Notice the question mark. Any of you familiar with my blog know that I have an unsuccessful, hubris-filled, and expensive history with teaching Spanish to Bruce(6) when he was 2-4 years old. So now it is with a good deal of hesitancy that I embark on attempting to teach Jenna(26m) Spanish too. I have had about two years to reflect upon what went wrong with Bruce’s Spanish experience, and these are the lessons I’ve learned:
- Keep things fun. I thought I was keeping things fun, but Bruce’s separation anxiety at his uber-expensive Spanish immersion preschool probably had a big impact on his declining enthusiasm for Spanish, even though he enjoyed participating in class once I could pry his arms off my knees and scoot him into the classroom. For him, Spanish went from a secret language he had with mommy, to something that forced him to be separated from mommy. No wonder he blamed Spanish.
- Spanish is not like piano lessons. My mom’s a piano teacher, so of course piano lessons were not optional in our household. I studied piano for about ten years, and also learned to play the organ in college. I still love to play piano. My sister stuck with piano for many years too, (under duress), and does not willingly play piano. But she probably could still sit down a play something if you gave her some music to read. I thought it would work like this with Spanish. I could force Bruce to stick with it, and he would learn to love Spanish and thank me later. But this is not what ended up happening because Bruce doesn’t remember almost any Spanish, even though at one point he was seriously on track to becoming bilingual.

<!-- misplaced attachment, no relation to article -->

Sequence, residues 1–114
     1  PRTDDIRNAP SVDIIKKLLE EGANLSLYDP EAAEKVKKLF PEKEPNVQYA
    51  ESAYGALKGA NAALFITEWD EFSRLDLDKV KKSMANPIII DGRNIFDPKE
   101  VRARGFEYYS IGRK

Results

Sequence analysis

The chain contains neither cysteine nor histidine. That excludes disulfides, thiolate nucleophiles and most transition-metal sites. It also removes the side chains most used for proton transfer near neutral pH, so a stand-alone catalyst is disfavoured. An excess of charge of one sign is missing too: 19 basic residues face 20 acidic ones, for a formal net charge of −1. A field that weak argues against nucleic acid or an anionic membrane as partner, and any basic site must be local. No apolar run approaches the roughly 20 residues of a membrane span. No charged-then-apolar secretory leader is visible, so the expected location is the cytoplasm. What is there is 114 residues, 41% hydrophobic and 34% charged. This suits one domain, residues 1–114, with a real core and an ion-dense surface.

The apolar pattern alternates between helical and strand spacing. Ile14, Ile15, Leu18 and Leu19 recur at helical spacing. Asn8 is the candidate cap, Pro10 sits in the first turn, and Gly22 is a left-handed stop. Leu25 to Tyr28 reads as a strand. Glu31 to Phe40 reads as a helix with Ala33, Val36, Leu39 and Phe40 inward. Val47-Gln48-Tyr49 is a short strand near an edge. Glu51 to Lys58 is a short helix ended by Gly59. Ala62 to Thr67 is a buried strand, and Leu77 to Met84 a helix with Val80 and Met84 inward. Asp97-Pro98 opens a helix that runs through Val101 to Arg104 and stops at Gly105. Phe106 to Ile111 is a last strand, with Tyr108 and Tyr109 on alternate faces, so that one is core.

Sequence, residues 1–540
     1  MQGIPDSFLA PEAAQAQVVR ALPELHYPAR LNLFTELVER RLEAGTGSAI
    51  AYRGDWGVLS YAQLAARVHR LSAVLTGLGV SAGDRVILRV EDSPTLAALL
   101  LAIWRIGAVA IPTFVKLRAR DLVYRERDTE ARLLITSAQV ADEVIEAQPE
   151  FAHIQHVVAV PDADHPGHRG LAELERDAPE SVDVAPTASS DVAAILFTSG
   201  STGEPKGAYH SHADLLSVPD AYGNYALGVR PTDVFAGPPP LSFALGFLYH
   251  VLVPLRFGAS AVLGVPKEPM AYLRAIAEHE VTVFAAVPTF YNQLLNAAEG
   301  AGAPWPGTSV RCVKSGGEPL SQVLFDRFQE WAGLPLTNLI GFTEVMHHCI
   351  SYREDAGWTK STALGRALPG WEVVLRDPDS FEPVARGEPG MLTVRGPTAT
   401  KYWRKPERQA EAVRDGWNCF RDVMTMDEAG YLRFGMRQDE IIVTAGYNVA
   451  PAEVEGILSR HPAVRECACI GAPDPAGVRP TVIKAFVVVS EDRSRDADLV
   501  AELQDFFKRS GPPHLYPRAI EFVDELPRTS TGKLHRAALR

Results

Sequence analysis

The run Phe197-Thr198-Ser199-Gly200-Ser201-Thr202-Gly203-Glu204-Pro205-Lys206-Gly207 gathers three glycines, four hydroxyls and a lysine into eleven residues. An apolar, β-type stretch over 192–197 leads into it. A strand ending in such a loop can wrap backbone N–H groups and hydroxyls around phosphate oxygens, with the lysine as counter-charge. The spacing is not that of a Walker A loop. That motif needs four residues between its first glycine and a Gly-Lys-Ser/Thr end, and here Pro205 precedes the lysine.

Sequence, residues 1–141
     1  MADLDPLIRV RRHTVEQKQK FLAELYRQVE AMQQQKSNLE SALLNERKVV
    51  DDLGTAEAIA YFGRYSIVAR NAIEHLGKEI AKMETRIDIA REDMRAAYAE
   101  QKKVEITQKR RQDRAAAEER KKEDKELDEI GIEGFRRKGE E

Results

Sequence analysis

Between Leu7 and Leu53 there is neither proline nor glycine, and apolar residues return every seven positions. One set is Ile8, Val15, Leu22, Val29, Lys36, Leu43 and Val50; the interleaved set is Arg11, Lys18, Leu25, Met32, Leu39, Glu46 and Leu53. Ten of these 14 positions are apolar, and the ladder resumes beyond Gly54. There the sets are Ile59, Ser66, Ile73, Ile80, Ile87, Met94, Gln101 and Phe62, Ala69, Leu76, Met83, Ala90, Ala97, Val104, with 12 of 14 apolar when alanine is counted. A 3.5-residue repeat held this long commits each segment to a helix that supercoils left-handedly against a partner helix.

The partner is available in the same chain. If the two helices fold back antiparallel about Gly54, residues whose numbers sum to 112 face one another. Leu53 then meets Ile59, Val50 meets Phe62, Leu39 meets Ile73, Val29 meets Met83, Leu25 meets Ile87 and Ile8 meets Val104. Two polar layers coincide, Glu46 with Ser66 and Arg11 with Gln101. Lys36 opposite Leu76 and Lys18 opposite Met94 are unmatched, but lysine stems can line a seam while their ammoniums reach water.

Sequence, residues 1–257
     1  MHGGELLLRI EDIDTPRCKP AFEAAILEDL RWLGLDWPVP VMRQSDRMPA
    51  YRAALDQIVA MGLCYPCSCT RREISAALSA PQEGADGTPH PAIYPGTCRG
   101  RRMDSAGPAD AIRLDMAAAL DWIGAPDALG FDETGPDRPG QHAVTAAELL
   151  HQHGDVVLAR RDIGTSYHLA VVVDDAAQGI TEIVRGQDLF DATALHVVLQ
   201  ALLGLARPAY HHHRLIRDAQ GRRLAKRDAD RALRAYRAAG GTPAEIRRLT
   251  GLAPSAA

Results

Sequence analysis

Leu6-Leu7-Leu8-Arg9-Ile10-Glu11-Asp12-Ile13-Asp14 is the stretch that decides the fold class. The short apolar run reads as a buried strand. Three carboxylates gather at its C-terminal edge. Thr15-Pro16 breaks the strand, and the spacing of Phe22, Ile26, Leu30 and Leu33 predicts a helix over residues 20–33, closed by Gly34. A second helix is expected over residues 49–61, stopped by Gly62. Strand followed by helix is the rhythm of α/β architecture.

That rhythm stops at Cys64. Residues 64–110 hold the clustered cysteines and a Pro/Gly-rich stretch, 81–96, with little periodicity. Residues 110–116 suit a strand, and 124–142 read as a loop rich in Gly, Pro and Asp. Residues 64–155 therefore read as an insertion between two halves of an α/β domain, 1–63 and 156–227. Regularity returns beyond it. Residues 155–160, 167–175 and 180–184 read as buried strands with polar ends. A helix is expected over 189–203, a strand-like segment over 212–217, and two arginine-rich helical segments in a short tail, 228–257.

- Don’t spend a lot of money. All in all our family spend almost $2,000 trying to teach Bruce Spanish at a young age. Most of this went to the $900 yearly tuition for his 75 minute weekly Spanish class. In retrospect, yes I am crazy! I wish I had put all of that money into Bruce’s 529 instead. At least then I could blame the market crashes for the money’s disappearance. 🙂
So now the question remains, what to do with Jenna? Should I even bother trying to teach her Spanish? I think the answer is yes, because each child is dramatically different. Just because something didn’t work for Bruce doesn’t mean it won’t work for Jenna. But this time I’m going to apply some sense and simplicity into our program, and keep things as fun as possible. Here’s my current plan:
- Child directed. If Jenna doesn’t want to do any Spanish that day we aren’t doing any, period.
- Twenty minutes a day. Or maybe thirty, but certainly no more.
- The library is my friend. I’m going to hunt down and put on hold every single Spanish for kids item I can find. I did this with Bruce too, but hopefully there have been more things published since then.
- Vme, Muzzy, books, CDs and games. Not an expensive Spanish class!
Deep breath. I hope this works.